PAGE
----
This naming choice parallels that made for the cancellation method, as described in the Optionally Support Cancellation section.

This event should use the ProgressChangedEventHandler delegate signature and the ProgressChangedEventArgs class. Alternatively, if a more domain-specific progress indicator can be provided (for instance, bytes read and total bytes for a download operation), then you should define a derived class of ProgressChangedEventArgs.

Note that there is only one ProgressChanged or MethodNameProgressChanged event for the class, regardless of the number of asynchronous methods it supports. Clients are expected to use the userState object that is passed to the MethodNameAsync methods to distinguish among progress updates on multiple concurrent operations.

There may be situations in which multiple operations support progress and each returns a different indicator for progress. In this case, a single ProgressChanged event is not appropriate, and you may consider supporting multiple ProgressChanged events. In this case use a naming pattern of MethodNameProgressChanged for each MethodNameAsync method.

Abide by the progress-reporting semantics described Best Practices for Implementing the Event-based Asynchronous Pattern.

Sometimes an asynchronous operation can return incremental results prior to completion. There are a number of options that can be used to support this scenario. Some examples follow.

If your class only supports a single asynchronous operation, and that operation is able to return incremental results, then:

  • Extend the ProgressChangedEventArgs type to carry the incremental result data, and define a MethodNameProgressChanged event with this extended data.

  • Raise this MethodNameProgressChanged event when there is an incremental result to report.

This solution applies specifically to a single-async-operation class because there is no problem with the same event occurring to return incremental results on "all operations", as the MethodNameProgressChanged event does.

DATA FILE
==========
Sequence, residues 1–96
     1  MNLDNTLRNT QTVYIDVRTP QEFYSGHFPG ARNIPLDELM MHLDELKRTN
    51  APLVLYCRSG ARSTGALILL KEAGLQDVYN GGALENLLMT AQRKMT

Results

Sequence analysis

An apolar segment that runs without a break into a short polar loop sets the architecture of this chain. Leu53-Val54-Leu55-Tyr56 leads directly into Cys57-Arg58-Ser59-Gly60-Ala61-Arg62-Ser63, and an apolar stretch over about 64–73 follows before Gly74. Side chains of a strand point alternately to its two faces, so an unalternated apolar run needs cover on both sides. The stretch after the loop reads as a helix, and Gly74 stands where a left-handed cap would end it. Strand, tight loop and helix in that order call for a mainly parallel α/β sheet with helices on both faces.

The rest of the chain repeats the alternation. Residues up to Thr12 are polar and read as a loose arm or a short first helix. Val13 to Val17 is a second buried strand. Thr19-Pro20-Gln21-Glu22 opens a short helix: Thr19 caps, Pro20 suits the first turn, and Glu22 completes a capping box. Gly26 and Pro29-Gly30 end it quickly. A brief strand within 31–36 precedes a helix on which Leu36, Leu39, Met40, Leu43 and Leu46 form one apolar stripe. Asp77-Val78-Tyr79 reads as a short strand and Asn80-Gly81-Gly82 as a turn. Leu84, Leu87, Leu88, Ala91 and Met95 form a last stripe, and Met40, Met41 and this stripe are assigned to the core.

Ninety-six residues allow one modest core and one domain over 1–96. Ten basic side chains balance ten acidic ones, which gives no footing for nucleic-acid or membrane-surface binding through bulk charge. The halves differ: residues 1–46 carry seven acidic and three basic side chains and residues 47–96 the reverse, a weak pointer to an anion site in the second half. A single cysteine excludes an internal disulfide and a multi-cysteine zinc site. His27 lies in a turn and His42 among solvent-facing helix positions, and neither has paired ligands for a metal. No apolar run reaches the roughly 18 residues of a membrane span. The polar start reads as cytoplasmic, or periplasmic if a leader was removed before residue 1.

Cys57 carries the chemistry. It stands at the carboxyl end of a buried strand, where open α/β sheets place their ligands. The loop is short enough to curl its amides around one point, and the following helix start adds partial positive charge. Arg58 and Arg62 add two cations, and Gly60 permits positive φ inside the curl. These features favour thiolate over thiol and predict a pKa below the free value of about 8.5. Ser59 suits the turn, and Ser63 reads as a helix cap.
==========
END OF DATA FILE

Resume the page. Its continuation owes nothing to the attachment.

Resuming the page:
In this case, your class supports multiple asynchronous methods, each capable of returning incremental results, and these incremental results all have the same type of data.

Follow the model described above for single-operation classes, as the same EventArgs structure will work for all incremental results. Define a ProgressChanged event instead of a MethodNameProgressChanged event, since it applies to multiple asynchronous methods.

If your class supports multiple asynchronous methods, each returning a different type of data, you should:

  • Separate your incremental result reporting from your progress reporting.

  • Define a separate MethodNameProgressChanged event with appropriate EventArgs for each asynchronous method to handle that method's incremental result data.

Invoke that event handler on the appropriate thread as described in Best Practices for Implementing the Event-based Asynchronous Pattern.

Although the use of out and ref is, in general, discouraged in the .NET Framework, here are the rules to follow when they are present:

Given a synchronous method MethodName:

  • out parameters to MethodName should not be part of MethodNameAsync. Instead, they should be part of MethodNameCompletedEventArgs with the same name as its parameter equivalent in MethodName (unless there is a more appropriate name).

  • ref parameters to MethodName should appear as part of MethodNameAsync, and as part of MethodNameCompletedEventArgs with the same name as its parameter equivalent in MethodName (unless there is a more appropriate name).

For example, given:

public int MethodName(string arg1, ref string arg2, out string arg3);

Your asynchronous method and its AsyncCompletedEventArgs class would look like this:

public void MethodNameAsync(string arg1, string arg2);

public class MethodNameCompletedEventArgs : System.ComponentModel.AsyncCompletedEventArgs
{
    public int Result { get; };
    public string Arg2 { get; };
    public string Arg3 { get; };
}
Show:
© 2014 Microsoft. All rights reserved.